Kenner - The Early Years
The area we know as Kenner was once a wilderness of cane reeds, some of which were over six feet in height. . Cannes Brulees - the land of burnt cane reeds - referred to the area along the Mississippi from the Chapitoulas Coast up to what is today the St. Charles Parish line.
The French observed the natives burning these wild reeds to flush out rabbits and other small game animals
It was one of the first sites in the lower Mississippi Valley to be named by European explorers.
In 1718 the French founded New Orleans for the purpose of controlling and utilizing their inland territories. The lands along the Mississippi were composed of rich alluvial soils and wealthy Frenchmen invested in large agricultural enterprises along the river. The land grants they received were called "concessions." While New Orleans was yet a village of thatched huts, wealthy French investors had secured vast holdings along the Mississippi and undertaken the construction of the first plantations.
Early Land Holders...
Two of the earliest plantations were established at Cannes Brulees in 1720 by d'Artaguiette and d'Artagnan.
Jean Baptiste Martin d'Artaguiette
Jean Baptiste Martin d'Artaguiette was a French Naval Commissioner sent to the New World in 1708 to set the affairs of the colony in order. He toured the province from 1708 until 1712 and sent his recommendations back to France. Among his recommendations were that stable, middle class families be encouraged to migrate to Louisiana and that slaves be imported to provide labor to till the humid alluvial soils.
Martin was one of the foremost experts on Louisiana of his day. He played and important role in the leadership of the two companies that dealt with the French settlers moving to New Orleans in 1718, John Law's Company of the West and the Company of the Indies. Martin was the coordinator for all correspondence on colonists, land grants and troop movements. For the services he rendered to the French crown and to the new colony, Martin was granted land in Cannes Brulees.
An old Creole expression is "Ca date du temps d'Artaguiette" meaning "it goes all the way back to the days of d'Artaguiette." In other words, as far back as you can go in terms of Louisiana history.
The Count d'Artagnan, Joseph Montespuiou, had property which bordered on d'Artaguiette's. d'Artagnan was an accomplished musketeer. His family name, d'Artagnan, had come to be associated with loyalty and bravery and was borrowed by Alexander Dumas when he wrote The Three Musketeers.
In 1722 Father Pierre Charlevoix, a noted historian, visited Cannes Brulees a few days after New Years. He made note of a giant cypress cross overlooking the river at which the d'Artagnans sang vespers.
It was not long before the Mississippi was lined with plantations from Cannes Brulees to Carrollton, an area referred to as the Chapitoulas Coast (later spelled Tchoupitoulas). The Chemin des Chapitoulas, a crude roadway following Bayou Metairie, was used by French settlers traveling to and from New Orleans. Indigo was the staple crop in the area during the 1700's. Rice, beans, wheat, vegetables, corn and cotton were also grown. Tobacco became a crop in 1727.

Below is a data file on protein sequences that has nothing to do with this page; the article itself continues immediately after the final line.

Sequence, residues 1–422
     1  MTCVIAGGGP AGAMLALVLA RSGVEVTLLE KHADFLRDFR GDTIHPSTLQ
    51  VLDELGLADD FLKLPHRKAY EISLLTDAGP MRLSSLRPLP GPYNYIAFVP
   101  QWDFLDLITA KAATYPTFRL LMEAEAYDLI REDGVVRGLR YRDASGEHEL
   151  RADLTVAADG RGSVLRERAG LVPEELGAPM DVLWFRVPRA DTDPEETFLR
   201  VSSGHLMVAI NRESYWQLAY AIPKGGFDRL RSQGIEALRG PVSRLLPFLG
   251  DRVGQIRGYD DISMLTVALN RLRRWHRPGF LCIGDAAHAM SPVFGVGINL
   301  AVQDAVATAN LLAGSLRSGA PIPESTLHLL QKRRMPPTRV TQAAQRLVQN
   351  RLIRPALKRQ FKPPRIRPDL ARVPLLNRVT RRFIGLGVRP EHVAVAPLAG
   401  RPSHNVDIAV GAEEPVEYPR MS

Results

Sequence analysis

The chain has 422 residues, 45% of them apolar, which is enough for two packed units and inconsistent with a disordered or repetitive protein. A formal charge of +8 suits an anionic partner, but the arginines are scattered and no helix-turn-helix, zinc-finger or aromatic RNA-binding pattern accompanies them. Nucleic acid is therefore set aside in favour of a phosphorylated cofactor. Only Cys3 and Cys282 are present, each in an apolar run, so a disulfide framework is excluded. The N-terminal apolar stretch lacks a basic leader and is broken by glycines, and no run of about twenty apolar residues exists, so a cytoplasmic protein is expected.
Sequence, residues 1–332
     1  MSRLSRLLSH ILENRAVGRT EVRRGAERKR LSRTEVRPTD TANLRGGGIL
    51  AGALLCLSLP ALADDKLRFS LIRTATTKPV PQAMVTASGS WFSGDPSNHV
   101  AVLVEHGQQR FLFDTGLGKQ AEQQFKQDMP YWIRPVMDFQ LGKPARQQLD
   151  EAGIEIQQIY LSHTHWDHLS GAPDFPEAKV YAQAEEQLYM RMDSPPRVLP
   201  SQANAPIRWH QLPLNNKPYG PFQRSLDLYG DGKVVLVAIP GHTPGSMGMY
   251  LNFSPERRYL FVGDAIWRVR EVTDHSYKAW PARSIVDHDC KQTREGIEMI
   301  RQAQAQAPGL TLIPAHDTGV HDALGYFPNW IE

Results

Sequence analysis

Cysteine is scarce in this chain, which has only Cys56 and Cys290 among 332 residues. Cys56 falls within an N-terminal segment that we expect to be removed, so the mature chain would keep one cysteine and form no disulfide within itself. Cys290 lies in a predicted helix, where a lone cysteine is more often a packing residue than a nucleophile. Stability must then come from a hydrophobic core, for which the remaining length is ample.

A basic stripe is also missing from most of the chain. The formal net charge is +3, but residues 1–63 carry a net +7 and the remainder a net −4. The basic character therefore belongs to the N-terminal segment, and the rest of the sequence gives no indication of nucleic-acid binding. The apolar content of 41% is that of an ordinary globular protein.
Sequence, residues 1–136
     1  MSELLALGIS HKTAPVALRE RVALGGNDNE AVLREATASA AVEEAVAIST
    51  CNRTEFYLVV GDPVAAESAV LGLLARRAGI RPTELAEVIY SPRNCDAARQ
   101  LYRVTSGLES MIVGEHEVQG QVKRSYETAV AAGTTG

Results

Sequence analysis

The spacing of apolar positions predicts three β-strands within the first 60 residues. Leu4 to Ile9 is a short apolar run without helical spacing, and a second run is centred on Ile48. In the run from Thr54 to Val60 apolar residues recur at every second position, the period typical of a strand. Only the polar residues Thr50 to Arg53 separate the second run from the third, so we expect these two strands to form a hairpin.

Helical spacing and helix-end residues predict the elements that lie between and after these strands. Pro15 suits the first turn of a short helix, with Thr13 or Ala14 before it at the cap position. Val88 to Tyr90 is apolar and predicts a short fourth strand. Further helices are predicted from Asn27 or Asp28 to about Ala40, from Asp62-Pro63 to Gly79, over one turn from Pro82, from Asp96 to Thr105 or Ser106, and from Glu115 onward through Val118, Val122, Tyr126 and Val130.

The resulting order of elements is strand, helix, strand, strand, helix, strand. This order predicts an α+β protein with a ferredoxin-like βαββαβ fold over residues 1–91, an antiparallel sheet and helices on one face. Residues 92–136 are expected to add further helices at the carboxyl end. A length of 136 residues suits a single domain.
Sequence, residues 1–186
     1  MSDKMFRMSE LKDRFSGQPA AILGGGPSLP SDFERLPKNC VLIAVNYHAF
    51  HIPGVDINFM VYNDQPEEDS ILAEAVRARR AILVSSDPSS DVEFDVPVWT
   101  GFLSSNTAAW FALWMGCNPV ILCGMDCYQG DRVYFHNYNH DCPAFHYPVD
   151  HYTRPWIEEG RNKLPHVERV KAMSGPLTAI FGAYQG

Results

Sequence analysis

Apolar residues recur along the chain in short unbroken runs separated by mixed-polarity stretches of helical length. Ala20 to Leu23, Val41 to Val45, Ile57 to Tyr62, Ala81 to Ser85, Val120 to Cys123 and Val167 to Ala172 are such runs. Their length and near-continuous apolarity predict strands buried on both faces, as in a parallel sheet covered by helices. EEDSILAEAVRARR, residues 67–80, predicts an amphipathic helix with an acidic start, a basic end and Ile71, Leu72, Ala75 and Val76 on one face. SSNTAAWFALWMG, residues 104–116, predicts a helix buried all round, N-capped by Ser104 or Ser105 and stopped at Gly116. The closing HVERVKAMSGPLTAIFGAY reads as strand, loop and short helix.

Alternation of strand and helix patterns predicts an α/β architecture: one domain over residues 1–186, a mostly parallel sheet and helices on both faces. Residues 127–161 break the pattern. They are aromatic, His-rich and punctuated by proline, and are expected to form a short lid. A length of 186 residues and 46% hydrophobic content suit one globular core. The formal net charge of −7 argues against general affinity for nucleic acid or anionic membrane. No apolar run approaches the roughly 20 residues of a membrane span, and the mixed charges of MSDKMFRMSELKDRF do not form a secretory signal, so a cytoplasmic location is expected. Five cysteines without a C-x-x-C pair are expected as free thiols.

Later in the 1700's the Jesuits introduced sugar cane. At first the cane was used for making syrup and for chewing. In 1793 a severe blight attacked the indigo crop. In 1795 Etienne de Bore found a process for refining granulated sugar, ushering in a new era in Louisiana agriculture.
William Kenner arrived at Cannes Brulees at the turn of the century. The population of New Orleans at that time was just a little over 8,000 people. But the city was on the verge of an economic boom. Kenner established a very successful mercantile and commission business.
In 1803 the Louisiana territory became part of the United States. William Kenner became a member of the legislative council and later helped organize a militia to repel the British in the Battle of New Orleans. The Governor of Louisiana, William C. C. Claiborne referred to Kenner as "An honest man, a respectable merchant, a man of sense and property." According to Kenner's descendants, the first steamboat to leave New Orleans carried a consignment from Kenner and Company.
Kenner played an important role in organizing a company which received a franchise from the United States Congress to dig a large canal across New Orleans. The canal was never started, but Canal Street received its name from the aborted project.
In 1810 Kenner purchased a sugar plantation in Ascension Parish. The growth of the sugar industry made this a very profitable investment, the income from which far exceeded Kenner's mercantile business.
Kenner had married Mary Minor, the 14 year old daughter of a an officer with the Spanish troops stationed at Natchez. She gave birth to four sons. Minor Kenner was born in 1808, William Butler Kenner in 1810, George R. Kenner in 1812 and Duncan F. Kenner in 1813.
Mary Minor Kenner died at the age 27 in 1814, a year after giving birth to Duncan. William Kenner's tragedies were made worse six years later when a trusted business partner absconded with most of his company's assets. William Kenner died three years later at the age of 47.
The Kenner Brothers